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Fred Marsden was born at number 23 Spring Gardens in Leyland on the 14th December 1892 to Daniel and Ann Marsden (nee Blundell). His parents married in the church of St. James in Leyland on the 10th September 1881. Later information states that Daniel and Ann Marsden had twelve children and of those only four had survived and Fred was the youngest of four surviving brothers, the others being; John (1884), James (1886) and William (1887).

In 1901 the family was still living in Spring Gardens and Daniel Marsden and his two eldest sons, John and James all worked in the India Rubber Works in Leyland, Fred`s mother Ann was a cotton weaver and Fred and his brother William were both attending school.

On the 13th December 1910 at the age of eighteen Fred signed up for four years with the Territorial Force. He was allocated the service number 761 and he joined the 4th Battalion of the Loyal North Lancashire Regiment. He listed his father Daniel Marsden of 12 Broad Street Leyland as his official next of kin. Daniel`s home address was later amended to 2 Towngate, Leyland.

By 1911 Fred, his parents and brother William had moved to 12 Broad Street in Leyland and Fred`s paternal grandmother eighty six year old Elizabeth Marsden had moved in with the family. Fred and his father both worked in the mixing department at the Dialene Rubber Company in Leyland while his brother William was employed at the motor works as a fitter`s labourer. Fred continued to attend his annual territorial camps until the outbreak of war and then on the 5th August 1914 he signed his agreement to serve abroad with the Loyal North Lancashire Regiment.

After approximately eight months of training Fred sailed to France with the 1/4th Battalion as part of “B” Company on the 4th May 1915. According to later information Fred was wounded on the 15th July 1915 but whether he was out of action for very long is unknown and his service papers are not much help in this regard either.

In late July 1915 the Battalion left the Flanders area and moved down to the Somme where they stayed for some months. Sadly, on the 30th October 1915 Fred was posted as missing in action.

Extract from the Battalion War Diary 27 – 30th October 1915 – AVELUY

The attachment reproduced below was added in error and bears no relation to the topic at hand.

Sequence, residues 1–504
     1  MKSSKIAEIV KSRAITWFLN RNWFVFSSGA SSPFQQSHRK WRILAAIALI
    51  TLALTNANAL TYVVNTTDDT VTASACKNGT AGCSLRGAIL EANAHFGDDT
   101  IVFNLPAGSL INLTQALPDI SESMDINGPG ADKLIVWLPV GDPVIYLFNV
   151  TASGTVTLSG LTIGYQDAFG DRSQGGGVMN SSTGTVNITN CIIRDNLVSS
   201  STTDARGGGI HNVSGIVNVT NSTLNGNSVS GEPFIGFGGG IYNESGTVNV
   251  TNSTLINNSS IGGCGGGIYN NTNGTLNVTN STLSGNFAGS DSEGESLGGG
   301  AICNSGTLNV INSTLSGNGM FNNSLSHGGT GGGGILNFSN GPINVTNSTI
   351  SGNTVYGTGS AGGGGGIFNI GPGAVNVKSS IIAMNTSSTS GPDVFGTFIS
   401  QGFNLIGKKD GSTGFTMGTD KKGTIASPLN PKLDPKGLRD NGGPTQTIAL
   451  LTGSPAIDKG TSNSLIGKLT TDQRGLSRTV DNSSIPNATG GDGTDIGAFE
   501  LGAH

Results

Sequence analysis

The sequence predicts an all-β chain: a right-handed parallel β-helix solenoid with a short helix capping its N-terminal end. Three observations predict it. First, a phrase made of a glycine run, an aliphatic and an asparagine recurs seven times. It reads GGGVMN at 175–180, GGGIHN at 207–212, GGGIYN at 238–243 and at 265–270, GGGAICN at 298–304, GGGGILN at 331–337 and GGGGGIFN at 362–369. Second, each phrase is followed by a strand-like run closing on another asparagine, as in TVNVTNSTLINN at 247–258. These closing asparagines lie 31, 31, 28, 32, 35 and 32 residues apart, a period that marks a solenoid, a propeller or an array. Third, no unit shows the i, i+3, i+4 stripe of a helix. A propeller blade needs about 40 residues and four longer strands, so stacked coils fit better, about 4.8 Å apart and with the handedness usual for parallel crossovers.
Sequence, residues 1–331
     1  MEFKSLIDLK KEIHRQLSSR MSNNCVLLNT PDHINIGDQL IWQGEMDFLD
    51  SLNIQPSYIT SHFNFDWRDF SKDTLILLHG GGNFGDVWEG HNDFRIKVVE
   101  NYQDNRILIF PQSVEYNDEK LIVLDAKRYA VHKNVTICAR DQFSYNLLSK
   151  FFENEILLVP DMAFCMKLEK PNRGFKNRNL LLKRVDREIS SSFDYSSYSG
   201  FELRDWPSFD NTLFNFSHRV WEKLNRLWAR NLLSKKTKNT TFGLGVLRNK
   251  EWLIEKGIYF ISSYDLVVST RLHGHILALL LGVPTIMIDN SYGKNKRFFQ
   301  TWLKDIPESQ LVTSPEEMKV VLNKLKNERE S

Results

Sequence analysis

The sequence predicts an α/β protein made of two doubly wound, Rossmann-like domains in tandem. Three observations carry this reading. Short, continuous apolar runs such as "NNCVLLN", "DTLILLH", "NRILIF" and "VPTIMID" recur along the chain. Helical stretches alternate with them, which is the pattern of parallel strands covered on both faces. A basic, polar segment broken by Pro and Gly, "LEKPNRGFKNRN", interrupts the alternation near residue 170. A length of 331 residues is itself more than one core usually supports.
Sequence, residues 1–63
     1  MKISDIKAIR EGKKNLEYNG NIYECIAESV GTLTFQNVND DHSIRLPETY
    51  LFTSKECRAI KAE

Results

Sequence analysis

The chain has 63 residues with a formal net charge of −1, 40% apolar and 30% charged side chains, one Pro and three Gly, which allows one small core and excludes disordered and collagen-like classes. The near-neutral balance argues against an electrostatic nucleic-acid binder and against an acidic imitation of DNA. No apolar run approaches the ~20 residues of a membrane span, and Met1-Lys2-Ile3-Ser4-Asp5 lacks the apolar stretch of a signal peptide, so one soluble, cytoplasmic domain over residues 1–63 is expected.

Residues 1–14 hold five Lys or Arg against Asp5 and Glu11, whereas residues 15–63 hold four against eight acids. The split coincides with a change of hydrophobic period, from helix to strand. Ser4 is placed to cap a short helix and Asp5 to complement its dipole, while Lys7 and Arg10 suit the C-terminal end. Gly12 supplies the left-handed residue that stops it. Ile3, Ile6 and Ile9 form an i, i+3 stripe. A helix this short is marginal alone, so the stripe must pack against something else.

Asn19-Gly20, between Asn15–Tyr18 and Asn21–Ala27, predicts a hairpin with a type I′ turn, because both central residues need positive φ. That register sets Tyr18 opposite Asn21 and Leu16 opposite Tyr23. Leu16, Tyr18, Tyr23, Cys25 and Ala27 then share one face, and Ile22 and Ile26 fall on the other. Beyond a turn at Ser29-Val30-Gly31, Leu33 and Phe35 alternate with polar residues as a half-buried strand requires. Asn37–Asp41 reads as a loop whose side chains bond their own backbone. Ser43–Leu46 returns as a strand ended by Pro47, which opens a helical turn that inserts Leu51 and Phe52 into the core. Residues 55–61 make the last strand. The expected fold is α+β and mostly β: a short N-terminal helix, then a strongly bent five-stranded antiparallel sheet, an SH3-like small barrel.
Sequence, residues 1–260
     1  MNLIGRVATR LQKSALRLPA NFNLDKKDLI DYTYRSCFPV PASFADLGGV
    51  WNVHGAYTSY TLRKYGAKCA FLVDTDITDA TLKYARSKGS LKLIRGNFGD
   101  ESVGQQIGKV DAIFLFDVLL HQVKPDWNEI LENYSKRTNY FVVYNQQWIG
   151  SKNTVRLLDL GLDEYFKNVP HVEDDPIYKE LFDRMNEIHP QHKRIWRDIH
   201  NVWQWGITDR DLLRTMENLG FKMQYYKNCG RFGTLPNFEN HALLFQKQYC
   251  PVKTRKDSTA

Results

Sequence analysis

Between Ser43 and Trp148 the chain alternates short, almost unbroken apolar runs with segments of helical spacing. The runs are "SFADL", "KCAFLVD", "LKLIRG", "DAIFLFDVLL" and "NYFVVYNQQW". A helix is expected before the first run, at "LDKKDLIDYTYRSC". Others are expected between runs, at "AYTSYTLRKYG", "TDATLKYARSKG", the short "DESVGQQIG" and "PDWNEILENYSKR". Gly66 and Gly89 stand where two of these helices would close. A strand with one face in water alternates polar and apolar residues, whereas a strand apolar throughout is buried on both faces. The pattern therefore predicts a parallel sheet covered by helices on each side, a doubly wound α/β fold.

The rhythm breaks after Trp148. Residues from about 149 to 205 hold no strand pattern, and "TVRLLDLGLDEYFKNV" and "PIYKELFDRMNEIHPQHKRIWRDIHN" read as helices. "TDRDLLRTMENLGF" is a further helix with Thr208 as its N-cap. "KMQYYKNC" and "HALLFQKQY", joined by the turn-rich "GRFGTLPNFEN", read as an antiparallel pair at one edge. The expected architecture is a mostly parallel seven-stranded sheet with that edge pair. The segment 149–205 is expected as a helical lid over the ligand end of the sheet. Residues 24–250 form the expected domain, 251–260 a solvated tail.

27th – Fur coats were issued to the Battalion.

1.30pm – The first platoon and headquarters left for the trenches. The remainder of the Battalion followed and relief was completed at 3.18pm. A C and D Companies in the fire trench. B Company in support at POSTE LESDOS.

28th – Scottish Rifles on our left and 1/8th Liverpool Irish on our right.

29th – Enemy bombarded the wire and fire trench along the front held by our three companies between 7.10am and 9.30am. Considerable damage was done to the wire in front of the wood held by C Company, and the trench in the same place was blown in for about 100 yards between AINTREE ST. and MERSEY ST. About 30 yards of parapet was badly damaged in A Companies section immediately north of AINTREE ST. During the day parties were engaged in clearing the trench, including a party of 1 Officer and 20 other ranks from the K.O.R.L. Regiment from Brigade reserve. At 7pm a party of 3 Officers and 133 men from the 1/4th from the K.O.R.L. Regt. arrived and worked until 5am on the wire and parapet. The garrison was withdrawn from the damaged section of the “wood trench”, and used to thicken the flanks, while 1 Officer and 40 other ranks of the reserve company were taken up in support of C Company in the communication trench running N and S behind the damaged section.

12 mid – A Company reported their parapet in a fair state of repair.

29/30th – The desultory shelling of the working party continued. Salvos of H.E., H.V. shells were sent over about hourly. Major H. Nickson being killed during one of these bursts. Sec. Lt A.B. Bratton and 6 other ranks wounded.

30th – Work was continued all day on the damaged trench. A considerable amount of rifle machine-gun fire was reported from the enemy. A party of 3 Officers and 100 other ranks from the 1/4th K.O.R.L. reported at 8pm and worked until about 12.30am on the damaged trench and wire. Enemy artillery and machine-guns were more active than on the preceding night. The supporting company remained at POSTE LESDOS during the night. There were a few casualties; (1 O.R. Killed and 2 O.R. wounded) among the Kings Own working party during the night.

MAJOR H. NICKSON Killed, 5 other ranks wounded, 1 other rank missing

Several months passed before the Military Authorities eventually confirmed that Fred had died on the 30th October 1915 after which his family had the following notice inserted into the local newspaper.

761 Private Fred Marsden

After his death Fred was originally buried in Courcelette Communal Cemetery but during the course of the war his grave was lost and so he is now remembered on a Special Memorial in Delville Wood Cemetery at Longueval.

Photo by Janet Davis – July 2016

Photo by Janet Davis – July 2016

Fred was later awarded the 1915 Star, British War and Victory Medals in recognition of his service and sacrifice for his country.

Rank: Private
Service No: 761
Date of Death: 30/10/1915
Regiment/Service: The Loyal North Lancashire Regiment,”B Coy” 1st/4th Bn.
Cemetery: DELVILLE WOOD CEMETERY, LONGUEVAL

Janet Davis

Janet Davis

Janet Davis has been researching her family history for many years and through this she discovered many relatives who served in WW1. This interest then led Janet to do many walking the battlefield tours with her husband. In April 2013 she discovered this website and volunteered to help. Janet believes that there are lots of stories still to be told, most of them very sad but at the same time they are a fascinating insight into the men, their families, what they did and where they came from.
Janet Davis

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